Norwegian Peasant Dances, Op 72

Edvard Grieg

Einar Steen-Nøkleberg, piano
Knut Buen, Hardånger fiddle

only two left.

The story goes that a player of the Hardånger fiddle (a Norwegian fiddle with extra strings for drones) got in touch with Edvard Grieg in 1889, begging him to preserve in writing the great old slåtter -- the folk dances -- of his country, before they were lost forever. Twelve years later, Grieg sent his friend Johan Halvorsen to do the transcribing job. When he saw the charts, Grieg was so touched by their power that he then adapted them for piano. It was a way of not only preserving these great melodies, but also presenting them to the unsuspecting world. And of course it was a way of infusing new sounds and harmonies into classical music without being alienating: with their strange raised 4th -- "the ghost of some old scale," in Grieg's words -- these new sounds are actually old sounds, deep in our cultural memory.

This recording puts two Norwegian musicians together: the pianist Einar Steen-Nøkleberg and the fiddler Knut Buen. Instead of just playing Grieg's Op 72 straight, the fiddler plays the original tune; he's a descendant of Grieg's source man, and carries the authority of the tradition confidently. Then we hear Steen-Nøkleberg play the Grieg piece based on it.

So, you hear the roughshod, ruddy-cheeks honesty of the original tune, and then you hear that tune polished and classicalized. On the CD, of course (and by the way you should get the CD, not only for the richness of sound but also for the fascinating booklet material, which is as obliviously dorky as a fuzzy Oslo man in shorty shorts and socky sandals), they follow each other directly with a little pause between tracks. I love picturing these two very different musicians on the stage together, each respecting and listening to the other's performance. Every time the fiddle melody comes to an end, I bate my breath, waiting for the playful, agile Grieg version; every time, Grieg and Steen-Nøkleberg fill the air with delight.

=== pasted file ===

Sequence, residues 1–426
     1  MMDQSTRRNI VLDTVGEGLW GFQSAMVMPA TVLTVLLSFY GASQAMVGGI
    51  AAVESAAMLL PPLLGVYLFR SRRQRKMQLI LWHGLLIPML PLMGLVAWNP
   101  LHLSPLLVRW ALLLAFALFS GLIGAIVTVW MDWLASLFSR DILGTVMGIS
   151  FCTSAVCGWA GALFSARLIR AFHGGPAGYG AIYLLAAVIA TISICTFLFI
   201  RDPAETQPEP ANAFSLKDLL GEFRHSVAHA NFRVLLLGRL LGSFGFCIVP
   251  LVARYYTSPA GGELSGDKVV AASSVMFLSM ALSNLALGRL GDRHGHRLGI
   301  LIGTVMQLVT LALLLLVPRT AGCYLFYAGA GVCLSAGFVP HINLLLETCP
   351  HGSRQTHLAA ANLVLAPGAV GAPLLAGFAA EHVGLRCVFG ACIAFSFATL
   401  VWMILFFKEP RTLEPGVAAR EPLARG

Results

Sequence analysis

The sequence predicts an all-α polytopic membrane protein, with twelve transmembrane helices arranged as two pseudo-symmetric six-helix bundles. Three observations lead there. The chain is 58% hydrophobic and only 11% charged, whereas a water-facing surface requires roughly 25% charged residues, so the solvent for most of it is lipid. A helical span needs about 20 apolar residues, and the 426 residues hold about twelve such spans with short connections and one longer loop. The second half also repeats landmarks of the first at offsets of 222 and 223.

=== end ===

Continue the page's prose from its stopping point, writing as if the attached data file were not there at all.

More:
It's a living example of the fertile relationship between folk and classical music: in every era, the music of the commonfolk refreshes the high culture and keeps it from stuffiness; in every era, the high culture ennobles the low by honoring its genius, bringing out unseen fineness the way that oil and stain and sandpaper and polish can bring out the deeply grained beauty of good wood.

01 Gibøens Bruremarsj fiddle
02 Gibøen's Bridal March piano

03 Jon Vestafes Springar fiddle
04 Jon Vestafe's Springar piano

05 Bruremarsj Frå Telemark fiddle
06 Wedding March of Telemark piano

07 Haugelat, Halling fiddle
08 Folkdance from the hills piano

09 Prillaren frå Os Prestegjeld (Springdans)fiddle
10 Folkdance from Os piano

11 Gangar Etter Myllarguten fiddle
12 Folkdance after Myllarguten (the Miller's Boy) piano

13 Røtnams-Knut, Halling fiddle
14 Røtnams-Knut from Hallingdal piano

15 Bruremarsj Etter Myllarguten fiddle
16 Wedding March after Myllarguten piano

17 Nils Rekves Halling fiddle
18 Nils Rekve's Halling piano

19 Knut Luråsens Halling I fiddle
20 Knut Luråsen's Halling I piano

21 Knut Luråsens Halling II fiddle
22 Knut Luråsen's Halling II piano

23 Springar Etter Myllarguten fiddle
24 Springdance after Myllarguten piano

25 Håvard Gibøens Draum ved Oterholt bru fiddle
26 Håvard Gibøen's Dream piano

27 Forspel / Tussebrureferda På Vossevangen fiddle
28 Prelude / Wedding Processional from Vossevangen piano

29 Skuldalsbruri (Gangar) fiddle
30 The Bride from Skuldal piano

31 Kivlemøyane (Springar frå Seljord) fiddle
32 The Kivle Maidens (Seljord Springar) piano

33 Kivlemøyane (Gangar) fiddle
34 Kivlemøyane (Gangar) piano

Gangars, Springars, and Hallings are all types of dances,
roughly equivalent to waltzes and polkas.